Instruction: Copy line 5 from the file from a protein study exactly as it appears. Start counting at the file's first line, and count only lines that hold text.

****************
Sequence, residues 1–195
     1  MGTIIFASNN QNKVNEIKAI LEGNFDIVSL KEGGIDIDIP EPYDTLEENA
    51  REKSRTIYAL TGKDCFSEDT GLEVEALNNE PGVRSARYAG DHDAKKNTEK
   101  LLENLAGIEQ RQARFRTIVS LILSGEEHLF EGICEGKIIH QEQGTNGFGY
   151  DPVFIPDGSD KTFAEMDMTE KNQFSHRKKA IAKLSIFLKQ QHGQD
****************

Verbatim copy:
   151  DPVFIPDGSD KTFAEMDMTE KNQFSHRKKA IAKLSIFLKQ QHGQD